How Big Broadsheet should deal with Big Blog: The ground rules

Great big media fuss across the pond this weekend. In brief: A couple of weeks ago Ian Shapira, a Washington Post writer, penned a 1,500-word piece on a silly “Generation Y” guru. Gawker picked up on it, cherry-picked the best quotes, and applied their customary snark. Normal.

But then the Shapira got pissed off, and this weekend wrote another 1,500 piece on how Gawker “stole” his story. A big hullabaloo ensued, most of which laid into Shapira and the Post. It’s a very timely hullabaloo. I’m writing this in my lunch hour in the offices of a broadsheet newspaper, where everyone around me is feeling a bit shifty about the the future. When livelihoods are at stake, people will hit out. But fights should be picked very carefully.

Here’s some suggested ground rules for Big Broadsheet when it comes to dealing with pesky Big Blog. Ground rules that Shapira and the Washington Post would have done well to heed.  Feel free to add your own in the comments.

1) You can’t beat the link economy…so join it.
Pieces I’ve written for the Guardian and the New York Times often get linked to from blogs. This makes me very happy. It increases page views. This makes my editors happy. It makes their bosses happy. It makes the coffers of the companies incrementally better off through ad revenue. The link will help the page’s Google page rank and searchability. This increases the companies’ brand equity. Yippee!  Everyone wins.  Jeff Jarvis nailed it in a tweet: It’s the link economy, stupid.

2) Maintain your dignity, and don’t eat yourself
If big Big Broadsheet can salvage anything from the big media cull that cometh, it is its dignity. Classiness is one of the few fields in which the MSM still has a competitive advantage, and will do for a long time. In the eyes of a still-mighty band of older consumers, blogs are horrible little cottage operations, while Big Broadsheets have pedigree. For now, pedigree still means something. So son’t dirty your brand with whinges about how the new kid stole your lunch money. It’s very undignified.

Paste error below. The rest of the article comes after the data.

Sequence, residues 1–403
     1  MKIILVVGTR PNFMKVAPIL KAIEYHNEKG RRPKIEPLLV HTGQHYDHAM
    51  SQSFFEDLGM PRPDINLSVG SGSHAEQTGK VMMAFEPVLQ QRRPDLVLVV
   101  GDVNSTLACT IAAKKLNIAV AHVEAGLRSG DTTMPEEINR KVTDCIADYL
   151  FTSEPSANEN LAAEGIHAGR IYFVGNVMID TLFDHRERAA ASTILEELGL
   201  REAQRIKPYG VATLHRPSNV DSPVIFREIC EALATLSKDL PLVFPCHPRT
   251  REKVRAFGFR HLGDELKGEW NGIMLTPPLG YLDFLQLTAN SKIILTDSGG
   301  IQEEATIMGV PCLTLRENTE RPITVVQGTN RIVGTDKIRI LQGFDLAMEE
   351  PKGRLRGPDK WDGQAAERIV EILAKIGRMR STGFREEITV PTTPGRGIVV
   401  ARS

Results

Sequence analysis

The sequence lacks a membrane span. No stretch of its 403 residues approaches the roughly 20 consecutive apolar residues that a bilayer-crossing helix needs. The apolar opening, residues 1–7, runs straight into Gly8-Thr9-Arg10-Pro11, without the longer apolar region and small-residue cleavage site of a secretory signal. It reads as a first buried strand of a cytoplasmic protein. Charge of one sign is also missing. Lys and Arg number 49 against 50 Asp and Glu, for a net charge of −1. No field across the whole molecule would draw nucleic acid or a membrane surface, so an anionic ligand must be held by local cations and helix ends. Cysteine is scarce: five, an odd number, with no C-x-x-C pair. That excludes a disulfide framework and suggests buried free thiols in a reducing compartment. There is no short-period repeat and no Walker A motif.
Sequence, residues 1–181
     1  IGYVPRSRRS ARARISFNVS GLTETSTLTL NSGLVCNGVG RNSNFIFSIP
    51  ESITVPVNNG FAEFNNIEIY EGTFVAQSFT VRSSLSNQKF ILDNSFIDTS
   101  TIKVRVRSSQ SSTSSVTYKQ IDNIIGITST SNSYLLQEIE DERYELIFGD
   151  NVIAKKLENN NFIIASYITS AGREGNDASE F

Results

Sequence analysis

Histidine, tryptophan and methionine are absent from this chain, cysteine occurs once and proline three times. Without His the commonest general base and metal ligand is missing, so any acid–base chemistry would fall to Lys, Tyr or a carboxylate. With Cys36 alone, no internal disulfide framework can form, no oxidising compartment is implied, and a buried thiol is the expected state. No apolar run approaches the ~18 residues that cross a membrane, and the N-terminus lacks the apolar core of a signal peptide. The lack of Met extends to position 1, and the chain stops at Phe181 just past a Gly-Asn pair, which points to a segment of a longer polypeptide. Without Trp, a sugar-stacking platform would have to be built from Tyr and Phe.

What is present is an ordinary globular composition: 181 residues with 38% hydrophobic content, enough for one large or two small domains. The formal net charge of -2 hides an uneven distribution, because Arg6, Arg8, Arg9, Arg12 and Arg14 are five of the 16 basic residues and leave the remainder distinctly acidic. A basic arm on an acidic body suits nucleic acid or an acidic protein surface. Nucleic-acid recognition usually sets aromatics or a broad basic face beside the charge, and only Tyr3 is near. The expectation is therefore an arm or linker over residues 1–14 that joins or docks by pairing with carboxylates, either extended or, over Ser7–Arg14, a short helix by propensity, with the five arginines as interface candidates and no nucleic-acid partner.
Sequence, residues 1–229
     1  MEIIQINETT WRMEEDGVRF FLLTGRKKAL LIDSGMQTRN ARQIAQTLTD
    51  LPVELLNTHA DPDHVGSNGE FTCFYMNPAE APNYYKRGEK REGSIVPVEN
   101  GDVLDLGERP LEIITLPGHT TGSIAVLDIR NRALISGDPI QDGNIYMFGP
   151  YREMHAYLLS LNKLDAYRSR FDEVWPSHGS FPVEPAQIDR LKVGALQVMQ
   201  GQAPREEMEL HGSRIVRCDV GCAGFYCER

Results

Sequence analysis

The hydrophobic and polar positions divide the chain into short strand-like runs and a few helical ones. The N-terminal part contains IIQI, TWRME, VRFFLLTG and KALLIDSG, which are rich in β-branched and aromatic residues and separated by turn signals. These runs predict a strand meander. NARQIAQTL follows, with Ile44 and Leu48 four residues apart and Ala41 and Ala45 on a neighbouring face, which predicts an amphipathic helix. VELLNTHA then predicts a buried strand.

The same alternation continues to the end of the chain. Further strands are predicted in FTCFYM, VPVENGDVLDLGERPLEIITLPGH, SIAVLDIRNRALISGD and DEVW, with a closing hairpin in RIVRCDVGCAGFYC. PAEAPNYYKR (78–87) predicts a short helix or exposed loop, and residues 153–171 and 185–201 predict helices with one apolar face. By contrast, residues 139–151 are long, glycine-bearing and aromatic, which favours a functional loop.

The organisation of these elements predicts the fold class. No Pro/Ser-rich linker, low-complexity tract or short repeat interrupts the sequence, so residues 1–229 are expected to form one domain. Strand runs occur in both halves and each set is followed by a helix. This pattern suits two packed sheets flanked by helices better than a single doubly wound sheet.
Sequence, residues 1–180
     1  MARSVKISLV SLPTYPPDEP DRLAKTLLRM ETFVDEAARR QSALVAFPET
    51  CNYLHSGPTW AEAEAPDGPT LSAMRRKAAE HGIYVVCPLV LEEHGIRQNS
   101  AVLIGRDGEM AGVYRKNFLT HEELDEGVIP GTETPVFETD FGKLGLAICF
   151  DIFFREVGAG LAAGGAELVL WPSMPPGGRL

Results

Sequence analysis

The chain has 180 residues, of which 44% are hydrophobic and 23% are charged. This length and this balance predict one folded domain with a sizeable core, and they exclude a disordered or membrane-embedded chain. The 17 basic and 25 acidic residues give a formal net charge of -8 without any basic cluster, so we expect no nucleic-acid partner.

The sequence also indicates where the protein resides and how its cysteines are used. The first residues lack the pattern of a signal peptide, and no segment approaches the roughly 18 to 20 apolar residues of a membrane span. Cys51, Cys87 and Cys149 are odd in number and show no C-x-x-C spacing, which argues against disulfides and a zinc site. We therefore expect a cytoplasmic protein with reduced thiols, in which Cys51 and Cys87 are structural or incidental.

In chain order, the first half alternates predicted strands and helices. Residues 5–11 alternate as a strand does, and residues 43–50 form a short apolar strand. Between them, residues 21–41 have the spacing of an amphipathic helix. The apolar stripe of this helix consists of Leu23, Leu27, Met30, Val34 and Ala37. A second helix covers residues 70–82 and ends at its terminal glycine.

3) Keep your enemies closer
It is surely folly to think of Big Blog as your enemy. They are probably going to win. If you can’t defeat them you should flatter them, link to them, and talk about them. Hell, why not employ them? And crucially, you should learn from them (if anything, Gawker added the salty opinion that the initial piece lacked). If all else fails, (continue to) riff on stories they break first, then write them better and deeper because that’s what you’re good at.

4) Don’t invade Russia
When people go to a restaurant they like, they tell three people. When they go to a restaurant they don’t like they tell 10. Same applies with Big Blog’s coverage of Big Broadsheet. They just love it when the MSM screws up. It’s juicy content and it vindicates their existence. It’s their rocket fuel. So whatever you do, do not provoke them. The Gawker piece wasn’t saying the article was shit. It was simply saying that it exists (and linked to it three times in the piece). As already mentioned…yippee! You have been linked to by the snark-masters of the web, and they haven’t called you a doofus! Do. Not. Complain. Because they’ll fight back dirtier.

5) Check the party line
This bit really is priceless. Predictably, Big Blog fought back dirtier. Turns out the communications department at the Washington Post sends Gawker regular “highlights” emails, positively encouraging the “theft” that Shapira’s article bemoaned (scroll down to bottom of the post). Oops. Remember that thing I mentioned about class?

So there you go. Any other suggestions?

Tags:

3 responses to “How Big Broadsheet should deal with Big Blog: The ground rules

  1. Pingback: Ignore the anonymous trolls; the mob are alright « Benji's Blog

  2. Pingback: Why the Internet Manifesto is annoying « Benji's Blog

  3. Pingback: Events, my dear newspapers, events will never be the bread and butter « Benji's Blog

Leave a Reply

Fill in your details below or click an icon to log in:

WordPress.com Logo

You are commenting using your WordPress.com account. Log Out / Change )

Twitter picture

You are commenting using your Twitter account. Log Out / Change )

Facebook photo

You are commenting using your Facebook account. Log Out / Change )

Google+ photo

You are commenting using your Google+ account. Log Out / Change )

Connecting to %s